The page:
Jack G. Bowman's Unnatural Fire
Unnatural Fire by Jack Bowman is an eclectic book of poetry that explores love, the strange and quirky human condition, and the more prurient side of manhood through an alter ego. Bowman works as a psychotherapist intern, and while his job provides with him a certain amount of professional distance, when he assumes his role as a poet he quickly sheds his expertise to impart to his readers an immediate sense of melancholy that is not soon forgotten.
It's obvious that Bowman wears his heart on his sleeve, although not in the way some men do when they wax for a woman they desire but will never pursue. His romantic/love poems are infused with a sensual, tactile yearning, which makes them a pleasure to read, because they are not overdone. He pays true homage to the opposite sex, as illustrated in the poem "Red Velvet Touch:"
presses her hand
waves of emotion
of silky skin on silky skin
red velvet scarves
swirls of pressing flesh
soft, then louder echoes
moans, sighs, laughter
tilts head with slight embarrassment
as if those in the room were reading her
as if she were transparent
she moves away without words
the moment, feel of her fingers,
Here Bowman leads the reader swiftly through the poem; the reader follows in the wake of the unknown woman, and then - for almost a brief second - becomes that woman. This is one of the highest compliments a man - or a poet - can offer back to a woman: the beautious dignity of herself, even under awkward circumstances.
Being versed in the peculiar makeup of the human animal as Bowman is provides him with a goldmine of observations to chronicle. More than a few scenarios deal with not-so-subtle moments of failure and embarrassment, but these vignettes are tempered with compassion, as in the poem "Parade of Fashion:"
A young woman adjusts her skirt
thin fabric, filmy, short, split up the sides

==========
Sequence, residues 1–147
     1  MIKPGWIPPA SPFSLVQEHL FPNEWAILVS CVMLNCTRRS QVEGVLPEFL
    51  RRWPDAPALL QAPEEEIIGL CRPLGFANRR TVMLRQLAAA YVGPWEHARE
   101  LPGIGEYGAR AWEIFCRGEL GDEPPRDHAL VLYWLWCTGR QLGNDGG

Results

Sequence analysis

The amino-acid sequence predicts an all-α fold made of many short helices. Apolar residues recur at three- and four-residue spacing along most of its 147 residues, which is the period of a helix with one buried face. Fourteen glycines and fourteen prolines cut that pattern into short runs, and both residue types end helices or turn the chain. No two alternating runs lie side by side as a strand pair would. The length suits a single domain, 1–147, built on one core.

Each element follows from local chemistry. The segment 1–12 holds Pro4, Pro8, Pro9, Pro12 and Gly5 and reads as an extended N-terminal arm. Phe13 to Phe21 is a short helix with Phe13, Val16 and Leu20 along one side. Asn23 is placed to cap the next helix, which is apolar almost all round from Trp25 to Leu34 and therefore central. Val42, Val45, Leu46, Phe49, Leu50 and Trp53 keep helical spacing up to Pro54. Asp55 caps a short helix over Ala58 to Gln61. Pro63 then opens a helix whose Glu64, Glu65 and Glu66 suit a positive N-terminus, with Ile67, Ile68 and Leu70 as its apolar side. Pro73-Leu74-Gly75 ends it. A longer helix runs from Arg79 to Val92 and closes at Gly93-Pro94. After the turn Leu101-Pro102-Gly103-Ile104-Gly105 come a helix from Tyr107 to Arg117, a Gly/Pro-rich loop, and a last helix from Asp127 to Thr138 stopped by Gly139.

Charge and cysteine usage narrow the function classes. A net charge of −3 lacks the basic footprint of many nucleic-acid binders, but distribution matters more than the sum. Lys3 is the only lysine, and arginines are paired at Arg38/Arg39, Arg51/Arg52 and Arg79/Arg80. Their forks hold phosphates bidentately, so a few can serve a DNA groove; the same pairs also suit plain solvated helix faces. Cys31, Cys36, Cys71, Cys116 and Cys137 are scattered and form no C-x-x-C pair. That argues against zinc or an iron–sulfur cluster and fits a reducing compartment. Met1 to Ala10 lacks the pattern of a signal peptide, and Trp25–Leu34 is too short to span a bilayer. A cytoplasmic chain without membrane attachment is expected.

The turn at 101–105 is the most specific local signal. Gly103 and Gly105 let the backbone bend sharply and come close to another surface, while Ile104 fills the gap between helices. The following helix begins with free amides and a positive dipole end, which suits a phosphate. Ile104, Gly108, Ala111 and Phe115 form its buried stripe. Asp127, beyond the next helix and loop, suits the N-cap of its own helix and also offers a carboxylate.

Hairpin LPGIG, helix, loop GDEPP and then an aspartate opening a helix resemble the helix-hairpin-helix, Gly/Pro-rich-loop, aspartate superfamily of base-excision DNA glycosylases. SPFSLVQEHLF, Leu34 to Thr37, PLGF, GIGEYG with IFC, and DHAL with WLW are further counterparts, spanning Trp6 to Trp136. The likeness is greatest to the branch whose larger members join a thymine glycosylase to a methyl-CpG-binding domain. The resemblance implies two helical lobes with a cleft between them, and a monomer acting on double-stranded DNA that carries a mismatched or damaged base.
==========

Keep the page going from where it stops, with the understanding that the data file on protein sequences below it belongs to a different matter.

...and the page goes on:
then floats with the breeze
exposes her legs to the population
as she walks
woman glance, tell her... how "cute"
men stare, salivate
hoping she has dressed
for their personal arousal
also hope, she comes back by
for a second look
She is "elsewhere"
simply attempting the surface of fashion
unaware of the true effect she has,
or of the forces in the background
that limited her choices
in the first place.
Bowman has deftly, and with an economy of words, described the shameful behavior of the reactions of both sexes to the young woman, but then steps back to reveal that she is not to be viewed as an object of scorn, but as someone in need of sympathy.
My favorite poems in Unnatural Fire are the "Frank" poems; a series scattered throughout the book that explores a man's darker legitimate side. "Frank" expresses his satisfaction for life in the moment in the poem "High Beams On," and amusement at the capacity for another's off-color expression in "Waiting for Al Green." He achieves more honesty with his internal dialogue, particularly in regard to his penchant for subjects (strippers, Internet porn, etc.) which the more traditional (read prudish) male would never admit to indulging in the light of day. The Frank poems actually deal with subjects that a huge segment of society consider to be pedestrian, but the truth exposed in this series is what redeems it; as in the poem (my personal favorite) "Frank's Fetish Factory:"
Years without intimacy drive Frank
to worlds outside reality
paid women, work in bizarre garb, leather, lipstick
stockings Jello and mud
think of it as... "just a job"
"pays the rent" and tuition
for school, single parenthood, drugs
they are, at times, digital actresses
on monitors in front of stroking me
Frank knows this,
but pretends for awhile
as his fantasies, become more exotic
mind snared in the world wide web
his newest fetish
pregnant lesbians in pantyhose
waits for the next download that will send him
over the edge...
There is nothing unnatural about Unnatural Fire. I am glad to see one poet in the L.A. community utilize both his healing and his poetic gifts by creating a volume of poetry that uncovers new ground in those places where most don't want to travel back to - but at some point must... I suggest bringing along Bowman's book as a guide.
(Unnatural Fire, Jack G. Bowman, copyright 2005 Stoker Creek Press, 225 pages, $12.42, ISBN 1-4116-3743)